The Tenors, “Lead With Your Heart” (Verve) **
They were the Canadian Tenors last time out, in 2008, when they topped the classical charts. Now, however, the game plan is for a more general (and generic?) appeal aimed at the kind of pop crossover enjoyed by Il Divo, Il Volo and the ilk. So “Lead With Your Heart” is the province of hitmaking producer-writers such as Robbie Buchanan, Bob Ezrin and Walter Afanasieff and features the troupe’s takes on proven covers such as Elton John’s “Sorry Seems to Be the Hardest Word,” Bob Dylan’s “Forever Young,” a Celtic-tinged “Amazing Grace” and Barbra Streisand’s Bee Gees-written “Woman in Love,” translated into Spanish — along with originals designed for crossover appeal. The best of the latter is the solemn title track, but it’s the quartet’s vocals that stand out in these smooth, tasteful arrangements, which run from tag-team exchanges to rich chorales. The songs themselves may not stay with you, but the performances will surely resonate.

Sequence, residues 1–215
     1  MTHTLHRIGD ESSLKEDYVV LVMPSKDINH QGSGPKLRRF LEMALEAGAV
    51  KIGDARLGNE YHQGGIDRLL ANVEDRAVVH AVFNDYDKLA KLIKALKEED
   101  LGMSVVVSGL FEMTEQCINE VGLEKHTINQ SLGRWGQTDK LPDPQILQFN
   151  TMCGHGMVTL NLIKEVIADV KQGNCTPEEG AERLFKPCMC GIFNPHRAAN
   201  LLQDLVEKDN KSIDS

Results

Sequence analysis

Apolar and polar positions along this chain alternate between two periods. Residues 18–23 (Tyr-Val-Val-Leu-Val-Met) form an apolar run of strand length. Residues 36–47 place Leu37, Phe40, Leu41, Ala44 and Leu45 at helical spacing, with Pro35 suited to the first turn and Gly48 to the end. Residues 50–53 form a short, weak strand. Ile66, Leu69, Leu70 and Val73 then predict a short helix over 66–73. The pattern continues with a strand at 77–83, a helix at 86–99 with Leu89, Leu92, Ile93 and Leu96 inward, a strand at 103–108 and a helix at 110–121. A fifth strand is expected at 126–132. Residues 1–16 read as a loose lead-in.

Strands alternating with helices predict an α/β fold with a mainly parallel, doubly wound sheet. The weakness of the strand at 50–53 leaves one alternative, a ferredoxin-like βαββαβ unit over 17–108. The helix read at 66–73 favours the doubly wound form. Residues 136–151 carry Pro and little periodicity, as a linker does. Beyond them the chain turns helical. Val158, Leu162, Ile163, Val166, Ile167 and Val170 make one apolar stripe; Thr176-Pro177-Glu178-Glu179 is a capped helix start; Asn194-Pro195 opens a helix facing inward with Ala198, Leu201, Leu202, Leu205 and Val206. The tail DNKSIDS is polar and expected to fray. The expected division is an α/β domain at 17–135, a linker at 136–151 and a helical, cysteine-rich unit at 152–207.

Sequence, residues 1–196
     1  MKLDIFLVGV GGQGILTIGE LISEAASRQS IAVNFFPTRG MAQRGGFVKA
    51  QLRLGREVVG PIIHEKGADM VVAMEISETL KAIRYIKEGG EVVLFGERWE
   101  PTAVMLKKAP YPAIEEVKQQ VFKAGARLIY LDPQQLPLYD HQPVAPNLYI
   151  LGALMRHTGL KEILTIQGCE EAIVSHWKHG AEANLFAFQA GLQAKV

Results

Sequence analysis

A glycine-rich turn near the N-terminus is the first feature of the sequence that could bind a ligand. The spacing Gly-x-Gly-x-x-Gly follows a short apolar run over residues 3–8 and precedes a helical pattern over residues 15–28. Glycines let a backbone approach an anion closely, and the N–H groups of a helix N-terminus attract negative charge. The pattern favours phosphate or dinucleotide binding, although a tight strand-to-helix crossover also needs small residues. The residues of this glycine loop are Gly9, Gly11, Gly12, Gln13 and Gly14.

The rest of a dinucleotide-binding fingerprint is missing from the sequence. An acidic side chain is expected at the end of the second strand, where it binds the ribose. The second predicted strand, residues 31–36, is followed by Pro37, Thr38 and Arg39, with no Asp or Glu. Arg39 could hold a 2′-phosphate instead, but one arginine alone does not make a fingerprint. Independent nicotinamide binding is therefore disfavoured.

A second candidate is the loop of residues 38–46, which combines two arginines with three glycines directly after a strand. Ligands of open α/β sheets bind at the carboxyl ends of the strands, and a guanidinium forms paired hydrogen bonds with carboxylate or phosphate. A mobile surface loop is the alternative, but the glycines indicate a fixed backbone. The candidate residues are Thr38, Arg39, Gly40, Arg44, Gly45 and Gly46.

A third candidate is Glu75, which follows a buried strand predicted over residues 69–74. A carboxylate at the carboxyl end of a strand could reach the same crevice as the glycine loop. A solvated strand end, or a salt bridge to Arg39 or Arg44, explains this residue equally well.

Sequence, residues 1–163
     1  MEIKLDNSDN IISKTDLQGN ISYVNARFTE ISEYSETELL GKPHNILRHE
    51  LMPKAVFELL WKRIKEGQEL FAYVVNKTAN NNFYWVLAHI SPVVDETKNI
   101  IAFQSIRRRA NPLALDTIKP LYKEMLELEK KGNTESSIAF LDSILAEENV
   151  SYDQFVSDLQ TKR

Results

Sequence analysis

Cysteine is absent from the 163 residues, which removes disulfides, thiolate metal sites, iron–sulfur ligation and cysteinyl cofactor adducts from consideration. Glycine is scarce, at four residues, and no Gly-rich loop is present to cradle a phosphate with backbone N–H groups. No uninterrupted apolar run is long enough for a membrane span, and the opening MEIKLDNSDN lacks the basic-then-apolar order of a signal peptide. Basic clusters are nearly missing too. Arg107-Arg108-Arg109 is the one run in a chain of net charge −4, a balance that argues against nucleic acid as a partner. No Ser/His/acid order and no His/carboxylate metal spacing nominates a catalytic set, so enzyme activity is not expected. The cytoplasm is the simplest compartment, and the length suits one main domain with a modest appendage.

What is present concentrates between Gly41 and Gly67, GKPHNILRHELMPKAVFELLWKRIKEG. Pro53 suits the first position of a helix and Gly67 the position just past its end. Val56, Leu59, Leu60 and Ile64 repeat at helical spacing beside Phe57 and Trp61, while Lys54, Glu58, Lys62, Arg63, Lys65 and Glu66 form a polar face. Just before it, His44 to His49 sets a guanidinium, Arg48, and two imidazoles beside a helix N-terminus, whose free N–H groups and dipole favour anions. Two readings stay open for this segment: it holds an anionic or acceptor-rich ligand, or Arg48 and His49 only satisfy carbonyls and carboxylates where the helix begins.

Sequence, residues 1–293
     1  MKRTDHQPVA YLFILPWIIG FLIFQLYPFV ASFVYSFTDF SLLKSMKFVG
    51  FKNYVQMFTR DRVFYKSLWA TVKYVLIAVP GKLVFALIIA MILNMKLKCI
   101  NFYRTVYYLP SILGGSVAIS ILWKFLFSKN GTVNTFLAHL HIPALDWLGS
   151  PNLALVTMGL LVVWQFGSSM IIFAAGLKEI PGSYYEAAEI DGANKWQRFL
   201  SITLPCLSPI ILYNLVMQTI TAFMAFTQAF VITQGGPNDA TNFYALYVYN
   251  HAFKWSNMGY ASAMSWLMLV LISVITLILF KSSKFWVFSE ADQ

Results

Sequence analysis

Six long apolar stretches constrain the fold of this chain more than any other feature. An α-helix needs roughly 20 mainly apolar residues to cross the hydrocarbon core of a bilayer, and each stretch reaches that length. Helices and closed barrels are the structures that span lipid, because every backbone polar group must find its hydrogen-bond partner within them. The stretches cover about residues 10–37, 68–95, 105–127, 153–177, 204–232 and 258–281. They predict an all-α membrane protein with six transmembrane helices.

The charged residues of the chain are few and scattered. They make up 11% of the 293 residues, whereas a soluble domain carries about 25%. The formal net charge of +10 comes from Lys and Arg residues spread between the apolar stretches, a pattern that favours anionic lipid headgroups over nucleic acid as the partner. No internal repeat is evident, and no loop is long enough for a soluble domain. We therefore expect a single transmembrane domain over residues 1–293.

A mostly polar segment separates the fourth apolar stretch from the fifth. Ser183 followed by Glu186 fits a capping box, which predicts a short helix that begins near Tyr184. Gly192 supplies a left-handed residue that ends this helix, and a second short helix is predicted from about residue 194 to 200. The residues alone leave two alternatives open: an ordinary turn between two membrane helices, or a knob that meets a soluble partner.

New & Noteworthy:
Ananda Project, “Beautiful Searching” (Nite Grooves): A wealth of guest singers, mostly female, fill out the fourth album, and first in full years, by Chris Brann’s electronic neo-soul project.
Antimatter, “Fear of a Unique Identity” (Prophecy): The domestic release of the British goth rockers’ latest album, which came out across the pond in November.
Katie Armiger, “Fall Into Me” (Cold River): The Texas country singer co-wrote all 14 tracks on her fourth album.
Blaudzun, “Heavy Flowers” (Krian): The U.S. debut by Dutch musician Blaudzun (Johannes Sigmond) was named Album of the Year in his homeland by the 2VOOR12 public broadcasting network.